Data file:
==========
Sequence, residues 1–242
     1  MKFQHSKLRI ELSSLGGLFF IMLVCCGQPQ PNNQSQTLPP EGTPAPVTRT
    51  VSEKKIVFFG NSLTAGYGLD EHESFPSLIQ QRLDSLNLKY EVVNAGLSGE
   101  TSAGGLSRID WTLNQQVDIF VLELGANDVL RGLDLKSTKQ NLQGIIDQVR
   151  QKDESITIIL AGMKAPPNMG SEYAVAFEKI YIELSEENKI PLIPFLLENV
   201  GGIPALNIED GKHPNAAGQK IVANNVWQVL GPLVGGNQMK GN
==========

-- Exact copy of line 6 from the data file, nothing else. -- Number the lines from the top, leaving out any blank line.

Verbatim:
   201  GGIPALNIED GKHPNAAGQK IVANNVWQVL GPLVGGNQMK GN